County residents will still be able to drop off materials at the Portage County recycling center, at least for a short time.
Bill Steiner, director of the Portage County Solid Waste Management District, had petitioned commissioners to close the drop-off service, citing too many people dumping trash and garbage instead of recyclables.
“Quite honestly, I’m tired of sprinting out to the drop-off to tell people don’t drop a pool ladder off just because it’s plastic. We’re getting more and more stuff dropped off on us that is just not recyclable,” he said.
Waste management employees must then be detailed to sift through the bins, separating what can be recycled from what can’t.
Noting that all the communities surrounding the center have curbside service, Steiner said, “the amazing thing is I’m looking at license plates, and the vast majority of them are not from Portage County,” he said.
He said he recently fielded a phone call from a Munroe Falls resident asking if the center was open to accept cardboard.
When waste management is able to return to normal service levels, Steiner said he would like to permanently close the center’s Mogadore Road drop-off site.
“The only reason why I caught the person with the pool ladder was I was downstairs and happened to glance over at the monitor, and he was pulling this behemoth out of his pick-up truck, and as I watched him walk towards the bin, I flew out the front door,” he said.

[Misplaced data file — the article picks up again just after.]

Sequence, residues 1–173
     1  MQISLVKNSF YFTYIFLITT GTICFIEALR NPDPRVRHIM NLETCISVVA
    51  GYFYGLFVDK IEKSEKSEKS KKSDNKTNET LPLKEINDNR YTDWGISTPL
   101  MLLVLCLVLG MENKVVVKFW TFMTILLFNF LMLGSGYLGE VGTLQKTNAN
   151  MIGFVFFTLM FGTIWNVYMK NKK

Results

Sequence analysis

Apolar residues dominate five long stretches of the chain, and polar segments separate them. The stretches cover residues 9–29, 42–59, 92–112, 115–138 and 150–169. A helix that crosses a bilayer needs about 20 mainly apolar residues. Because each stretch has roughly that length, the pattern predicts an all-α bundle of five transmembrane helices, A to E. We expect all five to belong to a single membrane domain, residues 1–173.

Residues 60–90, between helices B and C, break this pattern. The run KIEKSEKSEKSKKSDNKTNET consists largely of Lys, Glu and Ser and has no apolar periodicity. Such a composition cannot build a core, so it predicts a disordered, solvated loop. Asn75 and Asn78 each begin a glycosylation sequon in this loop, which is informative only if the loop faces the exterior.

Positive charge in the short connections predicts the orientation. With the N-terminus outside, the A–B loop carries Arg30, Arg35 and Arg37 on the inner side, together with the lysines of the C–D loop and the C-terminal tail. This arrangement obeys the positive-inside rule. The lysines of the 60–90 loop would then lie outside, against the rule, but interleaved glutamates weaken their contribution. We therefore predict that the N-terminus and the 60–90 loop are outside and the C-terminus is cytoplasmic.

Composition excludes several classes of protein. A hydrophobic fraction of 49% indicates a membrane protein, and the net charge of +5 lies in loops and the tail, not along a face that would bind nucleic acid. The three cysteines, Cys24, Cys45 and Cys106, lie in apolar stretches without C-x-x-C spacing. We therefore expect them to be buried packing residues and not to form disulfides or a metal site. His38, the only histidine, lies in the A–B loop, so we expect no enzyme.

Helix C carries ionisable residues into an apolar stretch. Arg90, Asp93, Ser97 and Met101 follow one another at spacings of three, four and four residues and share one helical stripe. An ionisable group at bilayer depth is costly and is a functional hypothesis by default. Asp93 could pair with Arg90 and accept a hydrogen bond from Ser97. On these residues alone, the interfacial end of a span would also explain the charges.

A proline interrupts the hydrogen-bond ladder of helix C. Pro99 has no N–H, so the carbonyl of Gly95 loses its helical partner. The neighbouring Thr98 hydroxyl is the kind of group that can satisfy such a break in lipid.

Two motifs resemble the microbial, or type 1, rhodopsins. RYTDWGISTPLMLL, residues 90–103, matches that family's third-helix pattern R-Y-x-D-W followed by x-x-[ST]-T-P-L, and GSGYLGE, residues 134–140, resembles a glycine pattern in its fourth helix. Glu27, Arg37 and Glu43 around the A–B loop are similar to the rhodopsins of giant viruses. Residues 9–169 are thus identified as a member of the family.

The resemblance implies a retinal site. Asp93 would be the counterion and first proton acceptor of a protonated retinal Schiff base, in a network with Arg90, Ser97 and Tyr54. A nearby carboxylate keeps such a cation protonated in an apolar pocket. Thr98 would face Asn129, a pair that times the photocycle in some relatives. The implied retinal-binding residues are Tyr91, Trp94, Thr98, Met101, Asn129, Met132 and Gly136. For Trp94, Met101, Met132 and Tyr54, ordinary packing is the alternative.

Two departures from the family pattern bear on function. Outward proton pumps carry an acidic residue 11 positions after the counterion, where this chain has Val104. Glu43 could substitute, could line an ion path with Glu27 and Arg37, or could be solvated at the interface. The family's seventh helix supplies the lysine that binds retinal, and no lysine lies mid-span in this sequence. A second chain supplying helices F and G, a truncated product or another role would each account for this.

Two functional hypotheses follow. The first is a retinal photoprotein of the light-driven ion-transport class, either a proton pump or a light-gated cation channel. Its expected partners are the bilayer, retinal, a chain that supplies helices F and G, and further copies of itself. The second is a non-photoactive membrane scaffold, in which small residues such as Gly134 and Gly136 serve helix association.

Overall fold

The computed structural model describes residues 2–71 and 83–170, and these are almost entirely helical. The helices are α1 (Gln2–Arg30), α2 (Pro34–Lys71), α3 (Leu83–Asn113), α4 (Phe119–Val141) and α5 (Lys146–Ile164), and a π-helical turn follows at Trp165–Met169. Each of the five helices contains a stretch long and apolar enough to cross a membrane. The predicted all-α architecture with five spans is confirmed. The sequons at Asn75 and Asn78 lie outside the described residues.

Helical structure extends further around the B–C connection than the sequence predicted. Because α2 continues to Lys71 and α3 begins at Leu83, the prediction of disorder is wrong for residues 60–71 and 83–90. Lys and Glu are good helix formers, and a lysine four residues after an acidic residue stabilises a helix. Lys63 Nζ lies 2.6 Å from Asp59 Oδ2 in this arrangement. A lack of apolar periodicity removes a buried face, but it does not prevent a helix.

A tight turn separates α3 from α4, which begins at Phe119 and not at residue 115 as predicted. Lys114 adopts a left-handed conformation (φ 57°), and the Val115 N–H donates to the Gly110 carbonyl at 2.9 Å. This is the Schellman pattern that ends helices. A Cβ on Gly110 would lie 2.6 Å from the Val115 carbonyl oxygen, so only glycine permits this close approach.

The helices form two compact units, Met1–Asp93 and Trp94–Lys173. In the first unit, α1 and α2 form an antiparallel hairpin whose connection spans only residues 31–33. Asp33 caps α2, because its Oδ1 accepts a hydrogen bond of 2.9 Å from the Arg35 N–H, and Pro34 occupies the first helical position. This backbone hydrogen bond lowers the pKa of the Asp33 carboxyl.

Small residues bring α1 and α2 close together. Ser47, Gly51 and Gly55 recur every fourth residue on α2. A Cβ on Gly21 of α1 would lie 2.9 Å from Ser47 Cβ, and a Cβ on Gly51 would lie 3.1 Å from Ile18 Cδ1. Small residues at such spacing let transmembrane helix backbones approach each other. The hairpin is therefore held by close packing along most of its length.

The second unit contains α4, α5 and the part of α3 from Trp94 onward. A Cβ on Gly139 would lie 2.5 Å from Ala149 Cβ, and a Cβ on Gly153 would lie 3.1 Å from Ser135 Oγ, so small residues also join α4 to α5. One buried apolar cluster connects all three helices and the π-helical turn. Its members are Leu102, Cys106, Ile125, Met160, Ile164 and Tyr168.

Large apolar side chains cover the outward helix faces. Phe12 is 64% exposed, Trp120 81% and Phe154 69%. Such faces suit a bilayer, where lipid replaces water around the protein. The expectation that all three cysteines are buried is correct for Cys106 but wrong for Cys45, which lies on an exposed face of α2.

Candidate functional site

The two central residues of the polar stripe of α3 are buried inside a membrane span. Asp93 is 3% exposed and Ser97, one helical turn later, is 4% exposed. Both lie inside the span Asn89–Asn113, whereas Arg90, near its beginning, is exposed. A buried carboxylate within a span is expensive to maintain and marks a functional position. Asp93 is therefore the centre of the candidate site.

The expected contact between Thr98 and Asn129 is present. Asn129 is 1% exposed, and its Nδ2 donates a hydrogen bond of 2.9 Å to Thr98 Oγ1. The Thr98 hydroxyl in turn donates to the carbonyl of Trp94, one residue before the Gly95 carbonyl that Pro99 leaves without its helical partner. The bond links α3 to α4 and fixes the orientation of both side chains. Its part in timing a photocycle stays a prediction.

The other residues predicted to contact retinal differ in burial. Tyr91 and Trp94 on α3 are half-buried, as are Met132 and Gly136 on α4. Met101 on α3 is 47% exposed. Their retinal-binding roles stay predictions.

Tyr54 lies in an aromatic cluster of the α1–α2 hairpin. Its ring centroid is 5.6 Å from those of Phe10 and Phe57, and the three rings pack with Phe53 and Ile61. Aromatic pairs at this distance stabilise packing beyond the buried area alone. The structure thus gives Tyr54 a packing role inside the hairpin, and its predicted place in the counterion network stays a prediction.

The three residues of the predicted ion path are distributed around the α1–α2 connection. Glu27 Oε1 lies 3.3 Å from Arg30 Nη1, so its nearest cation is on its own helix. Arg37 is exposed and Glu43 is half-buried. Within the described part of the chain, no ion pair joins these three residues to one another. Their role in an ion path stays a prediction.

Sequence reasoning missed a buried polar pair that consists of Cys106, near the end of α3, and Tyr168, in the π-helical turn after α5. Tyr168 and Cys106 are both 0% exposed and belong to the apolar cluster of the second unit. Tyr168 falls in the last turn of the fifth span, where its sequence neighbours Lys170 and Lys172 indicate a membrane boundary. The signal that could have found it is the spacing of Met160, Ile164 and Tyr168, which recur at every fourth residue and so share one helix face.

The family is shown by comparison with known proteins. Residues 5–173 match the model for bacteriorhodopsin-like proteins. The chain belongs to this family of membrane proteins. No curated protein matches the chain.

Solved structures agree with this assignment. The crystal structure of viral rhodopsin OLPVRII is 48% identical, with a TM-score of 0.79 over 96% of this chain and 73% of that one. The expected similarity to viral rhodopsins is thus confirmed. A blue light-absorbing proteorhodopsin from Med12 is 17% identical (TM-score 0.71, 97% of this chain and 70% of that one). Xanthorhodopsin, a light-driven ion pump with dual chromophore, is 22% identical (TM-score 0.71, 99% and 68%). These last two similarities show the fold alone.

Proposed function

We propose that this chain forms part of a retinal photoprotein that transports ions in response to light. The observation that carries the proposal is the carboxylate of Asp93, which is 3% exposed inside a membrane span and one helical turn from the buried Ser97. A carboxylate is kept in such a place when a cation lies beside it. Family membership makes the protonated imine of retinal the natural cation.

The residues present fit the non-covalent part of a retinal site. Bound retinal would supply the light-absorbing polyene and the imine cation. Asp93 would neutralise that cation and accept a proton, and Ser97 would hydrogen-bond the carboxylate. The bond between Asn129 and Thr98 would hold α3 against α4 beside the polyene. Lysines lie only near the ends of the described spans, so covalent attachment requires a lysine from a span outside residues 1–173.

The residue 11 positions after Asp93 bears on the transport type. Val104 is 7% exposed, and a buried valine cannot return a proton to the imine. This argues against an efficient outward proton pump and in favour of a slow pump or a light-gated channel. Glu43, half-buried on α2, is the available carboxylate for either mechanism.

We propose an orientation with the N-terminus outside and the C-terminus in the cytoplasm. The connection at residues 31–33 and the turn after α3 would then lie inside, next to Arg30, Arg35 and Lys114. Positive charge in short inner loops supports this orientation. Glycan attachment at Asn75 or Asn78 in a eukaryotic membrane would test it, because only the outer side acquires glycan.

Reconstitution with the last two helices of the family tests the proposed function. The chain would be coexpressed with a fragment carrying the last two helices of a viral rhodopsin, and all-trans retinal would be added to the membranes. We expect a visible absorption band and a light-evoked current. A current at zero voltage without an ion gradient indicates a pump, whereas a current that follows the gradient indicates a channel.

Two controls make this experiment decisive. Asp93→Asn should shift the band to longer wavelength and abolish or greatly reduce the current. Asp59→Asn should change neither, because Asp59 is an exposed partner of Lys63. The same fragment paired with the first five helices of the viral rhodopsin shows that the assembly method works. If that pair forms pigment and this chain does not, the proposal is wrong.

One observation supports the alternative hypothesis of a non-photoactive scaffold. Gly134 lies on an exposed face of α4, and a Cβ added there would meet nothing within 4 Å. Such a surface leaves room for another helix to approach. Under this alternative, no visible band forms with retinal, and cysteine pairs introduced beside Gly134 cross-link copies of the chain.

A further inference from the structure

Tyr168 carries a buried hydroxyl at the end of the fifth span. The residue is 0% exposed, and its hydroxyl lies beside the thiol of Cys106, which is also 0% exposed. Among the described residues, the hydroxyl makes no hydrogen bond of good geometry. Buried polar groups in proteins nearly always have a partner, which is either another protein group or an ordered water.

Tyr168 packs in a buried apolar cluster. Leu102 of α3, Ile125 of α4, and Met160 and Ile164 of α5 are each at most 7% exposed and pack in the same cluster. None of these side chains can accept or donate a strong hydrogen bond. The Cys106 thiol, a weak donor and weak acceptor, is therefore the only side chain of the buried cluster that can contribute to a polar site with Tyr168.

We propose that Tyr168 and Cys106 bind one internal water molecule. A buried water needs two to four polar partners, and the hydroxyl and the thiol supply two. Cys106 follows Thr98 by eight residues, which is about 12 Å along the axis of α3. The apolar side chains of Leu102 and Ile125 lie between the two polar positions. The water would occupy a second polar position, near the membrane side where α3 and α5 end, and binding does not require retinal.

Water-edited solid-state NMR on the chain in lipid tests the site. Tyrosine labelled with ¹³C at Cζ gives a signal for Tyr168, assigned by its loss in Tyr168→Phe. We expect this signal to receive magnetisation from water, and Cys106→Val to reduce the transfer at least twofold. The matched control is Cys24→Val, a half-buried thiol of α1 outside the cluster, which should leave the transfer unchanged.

That incident, and others like it, have created more work for the center’s employees, who Steiner says are already overworked because of low staffing levels.
Objecting to immediately closing the Mogadore Road drop-off site, Commissioner Sabrina Christian-Bennett said people haven’t had a lot of time to adjust from weekly to biweekly curbside recycling service.
“They may want to bring this stuff because they knew that was an available means, that they could at least take it there,” she said.
Steiner agreed to put the center’s drop-off site on life support for two weeks, agreeing with Christian-Bennett that county residents are already dealing with the district’s recent decision to switch to biweekly pickups.
“It’ll give people a chance to get used to this,” Commissioner Tony Badalamenti said.
No matter how many security cameras are in use, inappropriate dumping has long been a problem at drop-off sites across the county, Christian-Bennett and Steiner agreed.
Without receiving an answer, Badalamenti wondered why such dumping is not evident in Geauga County, where he frequently drives.
“For some reason, in the 14 years I’ve been here, it’s progressively gotten worse,” Steiner said, recalling an incident in Freedom Township where someone was dumping car parts right outside the Town Hall while trustees were meeting. Freedom trustees ultimately closed their township’s drop-off site.
Similar incidents of people dumping sofas, TVs and paint have happened throughout the county, the commissioners agreed. Township trustees have responded by simply closing the central drop-off locations, leaving residents with few eco-conscious options.
“That just tells you what we’re dealing with,” Christian-Bennett said as the commissioners wondered how to get through to residents what is recyclable, what is not, and where.
“I think you can spend thousands and thousands of dollars, but there’s still going to be that segment that’s just gonna say, ‘Not for me,’ and just feel that we should recycle their mattress,” Steiner said.